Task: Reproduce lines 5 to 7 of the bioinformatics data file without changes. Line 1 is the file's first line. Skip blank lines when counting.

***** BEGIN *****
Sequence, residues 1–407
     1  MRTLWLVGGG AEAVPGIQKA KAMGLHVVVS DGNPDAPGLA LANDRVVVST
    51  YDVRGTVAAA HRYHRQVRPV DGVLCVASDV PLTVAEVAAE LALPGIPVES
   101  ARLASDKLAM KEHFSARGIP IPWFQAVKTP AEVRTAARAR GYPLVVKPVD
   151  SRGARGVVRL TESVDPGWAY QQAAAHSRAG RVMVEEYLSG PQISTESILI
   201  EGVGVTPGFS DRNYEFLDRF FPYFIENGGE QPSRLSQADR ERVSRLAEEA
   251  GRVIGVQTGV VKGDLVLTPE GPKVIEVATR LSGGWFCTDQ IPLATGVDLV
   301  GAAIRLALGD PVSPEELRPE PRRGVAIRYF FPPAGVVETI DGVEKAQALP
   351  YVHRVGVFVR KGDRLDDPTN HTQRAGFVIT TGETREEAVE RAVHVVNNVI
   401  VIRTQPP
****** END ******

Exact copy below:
   151  SRGARGVVRL TESVDPGWAY QQAAAHSRAG RVMVEEYLSG PQISTESILI
   201  EGVGVTPGFS DRNYEFLDRF FPYFIENGGE QPSRLSQADR ERVSRLAEEA
   251  GRVIGVQTGV VKGDLVLTPE GPKVIEVATR LSGGWFCTDQ IPLATGVDLV